Once the construction was complete, it was time to decorate. “The former house was English Tudor,” Vessels says. “The present home is French Normandy, which has many of the same architectural elements. So we were able to use some furniture and rugs from the old house.” Even so, she adds, “We sure had a lot of fun shopping! We are so lucky. Dallas really has everything. There is almost no need to go elsewhere for decorative items. We were able to buy just about everything we were looking for right here in the Design District, and we found a lot of great things in Round Top and Atlanta.”

It helped that her clients knew what they wanted. “When I say my client had collected thousands of pages from magazines, I am only halfway exaggerating,” Vessels says. “She would bring boxes of earmarked pages with design elements that she liked, and we would go through all of them.” Vessels says the homeowner is a great researcher and knows what she likes and dislikes. “I find that most of my clients are like that,” she says. “They just need some direction to articulate it. My job is to read the client, not dictate taste, other than signaling a serious design mistake. The more collaboration, the better the results.” 

There were plenty of collaborators on the project—the designer, homeowners, architect, and Lambert Landscape Company came together to create something special. Although it’s a huge house, it doesn’t appear cavernous and cold. Because of the attention to detail in the architecture and design, it’s a warm and personal space.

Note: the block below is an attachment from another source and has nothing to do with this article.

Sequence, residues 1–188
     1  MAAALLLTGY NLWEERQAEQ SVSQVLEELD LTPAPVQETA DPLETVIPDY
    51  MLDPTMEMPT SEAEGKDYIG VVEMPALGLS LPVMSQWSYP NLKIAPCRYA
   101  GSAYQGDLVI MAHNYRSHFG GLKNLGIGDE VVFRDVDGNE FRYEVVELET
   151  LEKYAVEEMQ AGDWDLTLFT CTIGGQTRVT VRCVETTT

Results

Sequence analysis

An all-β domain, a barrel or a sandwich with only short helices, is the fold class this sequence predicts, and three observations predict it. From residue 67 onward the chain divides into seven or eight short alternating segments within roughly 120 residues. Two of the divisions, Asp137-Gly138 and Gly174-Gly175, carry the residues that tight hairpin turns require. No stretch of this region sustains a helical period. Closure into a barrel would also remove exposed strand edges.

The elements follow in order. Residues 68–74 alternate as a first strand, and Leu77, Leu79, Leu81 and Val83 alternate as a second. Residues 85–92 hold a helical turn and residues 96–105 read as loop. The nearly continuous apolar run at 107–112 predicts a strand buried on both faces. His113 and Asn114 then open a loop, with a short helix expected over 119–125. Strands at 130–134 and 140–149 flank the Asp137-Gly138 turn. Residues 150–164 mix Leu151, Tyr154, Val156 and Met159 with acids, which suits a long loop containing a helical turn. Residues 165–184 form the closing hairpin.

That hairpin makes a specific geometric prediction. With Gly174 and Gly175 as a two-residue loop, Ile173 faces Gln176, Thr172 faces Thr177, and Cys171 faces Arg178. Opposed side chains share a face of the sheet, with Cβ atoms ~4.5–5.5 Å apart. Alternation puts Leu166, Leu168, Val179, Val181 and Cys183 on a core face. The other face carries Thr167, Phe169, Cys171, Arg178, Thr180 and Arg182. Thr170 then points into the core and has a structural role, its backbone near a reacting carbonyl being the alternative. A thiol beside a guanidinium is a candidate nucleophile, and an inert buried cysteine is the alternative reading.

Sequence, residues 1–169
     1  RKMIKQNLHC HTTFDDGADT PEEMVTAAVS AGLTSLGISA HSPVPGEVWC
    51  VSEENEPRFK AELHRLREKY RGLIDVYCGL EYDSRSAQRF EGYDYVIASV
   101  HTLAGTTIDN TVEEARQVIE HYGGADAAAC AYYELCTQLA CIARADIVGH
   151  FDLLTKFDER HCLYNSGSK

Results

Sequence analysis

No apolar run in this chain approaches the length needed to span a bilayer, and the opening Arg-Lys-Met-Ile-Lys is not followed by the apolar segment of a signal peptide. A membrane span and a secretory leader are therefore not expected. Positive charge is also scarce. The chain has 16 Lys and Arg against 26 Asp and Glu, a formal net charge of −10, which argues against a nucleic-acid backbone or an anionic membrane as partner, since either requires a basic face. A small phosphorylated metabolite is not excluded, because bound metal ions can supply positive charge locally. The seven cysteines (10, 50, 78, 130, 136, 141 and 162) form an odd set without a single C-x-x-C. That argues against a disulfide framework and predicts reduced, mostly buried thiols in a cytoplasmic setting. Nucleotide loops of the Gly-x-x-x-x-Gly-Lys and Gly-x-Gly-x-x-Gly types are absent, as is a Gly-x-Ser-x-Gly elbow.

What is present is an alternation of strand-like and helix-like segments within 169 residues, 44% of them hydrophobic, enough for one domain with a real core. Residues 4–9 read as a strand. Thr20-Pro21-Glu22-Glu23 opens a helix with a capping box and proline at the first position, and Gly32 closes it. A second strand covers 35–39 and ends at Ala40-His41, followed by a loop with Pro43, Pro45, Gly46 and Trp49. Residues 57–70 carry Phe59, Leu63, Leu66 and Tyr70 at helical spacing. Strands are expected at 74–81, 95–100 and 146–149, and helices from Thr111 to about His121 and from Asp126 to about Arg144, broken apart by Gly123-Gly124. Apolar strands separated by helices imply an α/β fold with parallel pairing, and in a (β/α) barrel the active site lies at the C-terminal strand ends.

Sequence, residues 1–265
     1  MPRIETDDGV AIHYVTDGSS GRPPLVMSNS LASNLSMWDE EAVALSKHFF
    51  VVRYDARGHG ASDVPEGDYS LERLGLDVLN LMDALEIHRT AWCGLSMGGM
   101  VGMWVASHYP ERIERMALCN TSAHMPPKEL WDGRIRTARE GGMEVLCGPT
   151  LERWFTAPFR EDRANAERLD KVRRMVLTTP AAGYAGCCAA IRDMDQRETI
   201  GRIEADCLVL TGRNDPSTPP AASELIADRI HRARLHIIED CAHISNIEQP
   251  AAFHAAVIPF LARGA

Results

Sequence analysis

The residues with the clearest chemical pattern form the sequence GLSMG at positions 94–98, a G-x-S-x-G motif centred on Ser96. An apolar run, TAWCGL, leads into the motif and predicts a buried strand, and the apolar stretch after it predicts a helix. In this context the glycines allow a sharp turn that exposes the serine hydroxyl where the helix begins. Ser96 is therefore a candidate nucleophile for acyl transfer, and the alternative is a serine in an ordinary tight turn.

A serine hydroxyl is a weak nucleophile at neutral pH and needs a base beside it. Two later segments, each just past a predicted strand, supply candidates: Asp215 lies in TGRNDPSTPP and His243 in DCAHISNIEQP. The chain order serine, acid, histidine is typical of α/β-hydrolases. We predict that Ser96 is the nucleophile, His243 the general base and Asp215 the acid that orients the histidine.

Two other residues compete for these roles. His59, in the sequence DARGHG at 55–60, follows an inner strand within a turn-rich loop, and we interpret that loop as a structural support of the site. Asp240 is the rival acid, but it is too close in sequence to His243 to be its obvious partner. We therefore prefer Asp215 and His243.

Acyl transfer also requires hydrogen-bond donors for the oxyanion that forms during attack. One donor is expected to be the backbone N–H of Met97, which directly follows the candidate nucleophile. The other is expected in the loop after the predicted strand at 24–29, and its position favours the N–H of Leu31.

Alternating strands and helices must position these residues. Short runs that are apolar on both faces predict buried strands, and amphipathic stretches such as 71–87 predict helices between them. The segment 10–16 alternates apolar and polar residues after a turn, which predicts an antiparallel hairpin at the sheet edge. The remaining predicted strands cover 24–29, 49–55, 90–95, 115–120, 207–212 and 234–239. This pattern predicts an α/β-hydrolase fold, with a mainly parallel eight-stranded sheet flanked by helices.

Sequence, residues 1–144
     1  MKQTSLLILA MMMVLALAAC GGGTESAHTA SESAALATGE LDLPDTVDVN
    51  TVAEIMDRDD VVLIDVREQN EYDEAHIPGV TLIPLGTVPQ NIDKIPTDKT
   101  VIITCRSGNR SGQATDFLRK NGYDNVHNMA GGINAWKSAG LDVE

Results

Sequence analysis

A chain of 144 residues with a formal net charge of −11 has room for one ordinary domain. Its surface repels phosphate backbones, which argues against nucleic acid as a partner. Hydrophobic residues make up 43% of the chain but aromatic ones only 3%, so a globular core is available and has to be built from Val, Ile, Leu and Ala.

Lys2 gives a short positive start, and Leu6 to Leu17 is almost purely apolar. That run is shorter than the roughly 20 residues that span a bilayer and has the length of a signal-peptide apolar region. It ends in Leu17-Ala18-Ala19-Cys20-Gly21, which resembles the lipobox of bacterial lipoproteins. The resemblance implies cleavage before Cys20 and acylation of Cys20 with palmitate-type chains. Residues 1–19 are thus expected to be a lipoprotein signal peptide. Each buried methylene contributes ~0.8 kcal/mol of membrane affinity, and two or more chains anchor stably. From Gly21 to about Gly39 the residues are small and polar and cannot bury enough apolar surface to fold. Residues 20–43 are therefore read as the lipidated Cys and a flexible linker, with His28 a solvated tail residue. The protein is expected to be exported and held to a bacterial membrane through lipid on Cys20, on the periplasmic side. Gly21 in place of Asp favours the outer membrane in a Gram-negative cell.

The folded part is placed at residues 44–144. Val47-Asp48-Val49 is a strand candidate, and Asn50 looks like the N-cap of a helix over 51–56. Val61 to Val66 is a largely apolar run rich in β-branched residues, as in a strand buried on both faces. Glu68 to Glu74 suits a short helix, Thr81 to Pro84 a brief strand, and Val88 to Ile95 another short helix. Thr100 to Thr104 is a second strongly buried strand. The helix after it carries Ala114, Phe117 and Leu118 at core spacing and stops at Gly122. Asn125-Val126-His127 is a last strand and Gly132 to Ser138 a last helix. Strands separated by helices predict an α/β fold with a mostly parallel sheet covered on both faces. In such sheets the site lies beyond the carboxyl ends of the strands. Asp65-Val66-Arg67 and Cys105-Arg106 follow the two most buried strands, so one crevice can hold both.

The dining room houses a table designed by Barbara Vessels and fabricated by HH Ruseau. The chairs are antique Dutch, and the chandelier is by Thomas Grant. The drapery fabric is by Carleton Varney from ID Collection, the sheer lace is by Schumacher, and the chair fabric is by Brunschwig & Fils. photography by Stephen Karlisch

Vessels’ client is an amateur horticulturist who is most at home with flowers. Her favorites are blue hydrangeas—just one of her blue loves. She began collecting blue and white in the 1970s, and her love for blue in all its many shades is evident throughout the house. A massive cabinet in the living room is filled with blue and white china collected from Round Top and Le Louvre French Antiques. “We found the cabinet before construction began, so the beamed ceiling height had to accommodate the 12-foot piece,” Vessels explains. 

(left) The blue and white theme continues in the kitchen with tiles from French-Brown and blue bahia granite from IMC. The HH Ruseau bar stools are covered in Edelman leather; the light fixture is from The Whimsey Shoppe.(right) A grand fireplace provides warmth in the family room. The mantel was inspired by something the homeowner found in a magazine. The Minton-Spidell coffee table is from E.C. Dicken, and the Pierre Frey fabric on the chair is from Culp Associates. photography by Stephen Karlisch

The inspiration for the dining room came from an antique picture of a paneled room. “We took the panel design but wanted to convey a more casual elegance, so the wall boards below the wainscot are horizontal. The French blue we adapted from an old painted mantel that we found at Pittet Architecturals,” Vessels says. 

The blue and white theme continues into the kitchen, which is fresh and cheery thanks to tiles from French-Brown and blue bahia granite from IMC. “I used to cook big meals when the boys were growing up, but we’re a lot more casual now,” the homeowner says. “I do love to entertain my card group. It’s made up of the moms I became friends with when the kids were little.”

Country French reigns here. Authentic touches continue throughout the house. Garden views are a little distorted because of the antique glass. The same company that restored Versailles made all the door and window glass and hardware. “We wanted the house to look at home on this beautiful street, like it had grown up and aged right here in this neighborhood,” Vessels says. Or Avignon, for that matter.

Styled by Jenny O’Connor | Flowers by Haile Wossen